By Eilís Donohue, Interpretive Ranger at Franconia Notch State Park
Hey there! One of your 2019 Franconia Notch State Park Interpretive Rangers here. Since I often get asked who I work for, what I do, and what all the patches on my uniform mean, I figured I ought to put all that information in one place. Here’s your definitive answer on what my eight coworkers and I do, stationed around the state of New Hampshire.
What is “interpretation”?
The word itself has several meanings; even within the context of cultural and natural interpretation, definitions vary. The common denominator of those definitions, though, is that interpretation involves making subject matter more accessible, understandable, and ultimately enjoyable for an audience.
According to the National Association for Interpretation (NAI), the organization through which all of us have earned the status of Certified Interpretive Guide, interpretation is
“a mission-based communication process that forges emotional and intellectual connections between the interests of the audience and the meanings inherent in the resource.”NAI
So what does an Interpretive Ranger do?
To clarify, we are not affiliated with law enforcement in any way—many people conflate us with park rangers who are in charge of monitoring for illegal activities in parks. Our blue uniform shirts may also contribute to that confusion, but we’re here for give you information and enrich your visit, not issue parking tickets!
Now for more specifics on my job. This is a seasonal position made available through a collaboration of several organizations (see the next section).
During the winter and spring, we all served alongside the Conservation Stewards (the other 2/3 of the NH Corps) as educators in elementary schools. (Refer to my colleague Sarah’s blog post for a snapshot of life at Bear Brook during this time.) We taught third through fifth graders about nature and science, with a focus on space – and place – specific topics; the students learned about southern New Hampshire ecosystems, plants, and animals, and could apply their knowledge to the world around them.
In May, the Interpretive Rangers led field trips in Bear Brook State Park. The elementary school classes whom we taught in the winter came to visit the park, and got to experience a range of interpretive programs such as ponding for macroinvertebrates and guided nature walks.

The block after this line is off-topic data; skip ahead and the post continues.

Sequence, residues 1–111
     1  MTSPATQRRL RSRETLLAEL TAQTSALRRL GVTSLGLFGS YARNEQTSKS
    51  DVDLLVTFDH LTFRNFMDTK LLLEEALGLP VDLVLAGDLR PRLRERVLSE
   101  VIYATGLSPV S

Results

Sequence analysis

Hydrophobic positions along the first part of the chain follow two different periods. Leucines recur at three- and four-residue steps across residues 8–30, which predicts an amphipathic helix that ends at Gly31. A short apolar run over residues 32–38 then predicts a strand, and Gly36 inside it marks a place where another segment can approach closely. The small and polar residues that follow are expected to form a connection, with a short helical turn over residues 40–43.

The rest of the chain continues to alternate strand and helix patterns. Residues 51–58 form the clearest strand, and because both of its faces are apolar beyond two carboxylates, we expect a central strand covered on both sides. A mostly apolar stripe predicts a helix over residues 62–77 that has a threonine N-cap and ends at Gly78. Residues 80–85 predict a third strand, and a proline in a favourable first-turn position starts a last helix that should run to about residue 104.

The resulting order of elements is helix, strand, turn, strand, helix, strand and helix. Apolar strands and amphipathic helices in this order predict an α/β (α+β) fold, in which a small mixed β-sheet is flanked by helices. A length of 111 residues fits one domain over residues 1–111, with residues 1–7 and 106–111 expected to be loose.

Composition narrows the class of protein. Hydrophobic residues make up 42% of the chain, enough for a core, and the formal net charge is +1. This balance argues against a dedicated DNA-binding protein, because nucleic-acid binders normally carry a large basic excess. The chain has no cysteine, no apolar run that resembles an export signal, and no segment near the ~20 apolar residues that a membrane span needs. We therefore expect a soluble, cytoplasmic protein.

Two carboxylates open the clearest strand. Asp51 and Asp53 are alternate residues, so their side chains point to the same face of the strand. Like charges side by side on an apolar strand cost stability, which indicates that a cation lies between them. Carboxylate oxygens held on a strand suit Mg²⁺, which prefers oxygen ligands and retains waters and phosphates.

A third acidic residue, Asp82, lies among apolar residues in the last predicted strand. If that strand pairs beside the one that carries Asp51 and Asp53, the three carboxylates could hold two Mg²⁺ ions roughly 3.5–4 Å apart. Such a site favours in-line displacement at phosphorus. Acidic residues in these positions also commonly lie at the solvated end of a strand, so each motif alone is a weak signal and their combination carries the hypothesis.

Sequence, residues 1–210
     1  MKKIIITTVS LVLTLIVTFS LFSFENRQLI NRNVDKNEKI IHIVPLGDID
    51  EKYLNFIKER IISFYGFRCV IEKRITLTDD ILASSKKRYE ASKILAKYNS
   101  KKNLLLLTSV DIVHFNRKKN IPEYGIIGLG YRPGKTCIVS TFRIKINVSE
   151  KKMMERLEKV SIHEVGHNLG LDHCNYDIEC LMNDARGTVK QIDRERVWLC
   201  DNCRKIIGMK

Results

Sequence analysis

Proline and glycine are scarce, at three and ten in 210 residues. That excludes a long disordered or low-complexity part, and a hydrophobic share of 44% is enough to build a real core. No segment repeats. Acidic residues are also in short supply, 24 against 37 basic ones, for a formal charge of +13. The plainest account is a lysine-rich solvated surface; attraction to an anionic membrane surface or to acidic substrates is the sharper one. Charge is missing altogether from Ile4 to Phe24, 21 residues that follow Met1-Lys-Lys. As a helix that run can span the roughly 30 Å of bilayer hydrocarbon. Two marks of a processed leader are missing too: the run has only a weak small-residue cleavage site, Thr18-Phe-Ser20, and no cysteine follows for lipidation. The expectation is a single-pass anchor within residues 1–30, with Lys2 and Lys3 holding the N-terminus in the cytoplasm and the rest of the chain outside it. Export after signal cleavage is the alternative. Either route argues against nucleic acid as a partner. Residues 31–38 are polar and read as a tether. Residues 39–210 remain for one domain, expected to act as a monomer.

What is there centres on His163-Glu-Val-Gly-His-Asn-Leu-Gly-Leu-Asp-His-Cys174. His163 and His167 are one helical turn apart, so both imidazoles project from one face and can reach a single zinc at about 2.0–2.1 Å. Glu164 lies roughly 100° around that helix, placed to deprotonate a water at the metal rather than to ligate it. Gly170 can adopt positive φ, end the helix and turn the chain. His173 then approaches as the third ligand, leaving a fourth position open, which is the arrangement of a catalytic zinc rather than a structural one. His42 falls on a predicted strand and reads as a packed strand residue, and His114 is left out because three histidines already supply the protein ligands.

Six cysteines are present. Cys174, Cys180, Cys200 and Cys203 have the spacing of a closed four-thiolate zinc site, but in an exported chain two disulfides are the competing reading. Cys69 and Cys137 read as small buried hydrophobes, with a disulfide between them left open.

From June through August, we each work in one or more state parks, providing interpretive programming for the public. Some Rangers rove between parks each week, serving two or three areas this way; some Rangers, such as Sarah and myself, remain in one park for the whole season.
Every Ranger’s position is somewhat unique; in September and October, we shift around to accommodate the exodus back to school and the relative emptying out of parks. Besides Sarah and myself, who will remain at Franconia Notch to serve hikers and campers toughing it out into the beginning of fall, the other Rangers will be doing fall outreach. This means they establish connections with community organizations, schools, libraries, and so on, to continue providing environmental education in different venues.
Okay, but what is an interpretive program?
In this context, a program is an activity, talk, or guided walk that connects visitors to the natural and cultural resources in the park. Some examples include:
- Wildlife talks: Rangers share their knowledge and passion for all kinds of creatures, from frogs and fish to birds and bats!
- A wild edibles walk: learn which plants are safe, and tasty, to eat!
- Explore a park after dark: take a guided night hike with a Ranger to learn what goes on in the woods at night.
- DIY nature crafts: wildlife you can take home, including butterflies, loons, fish, flowers, and more.
- Stargazing: on clear nights, a state park is a perfect place to see plenty of bright stars (away from distracting city or suburb lights). A Ranger can point out fascinating constellations and tell you all about the science of the night sky.
- Campfire stories: unwind after a day of hiking by listening to a Ranger tell local legends and silly stories.
These are just a few examples of all of the free programs we are offering this season. Check out the schedules for each park here, and join us for a program or two!
What are all those patches on your uniform?
I am completing a 10 month service position through the joint New Hampshire Corps: Student Conservation Association (SCA) and AmeriCorps. Not all SCA programs are AmeriCorps eligible, nor are all AmeriCorps positions connected to the SCA—the NH Corps is just a unique collaboration between the two organizations!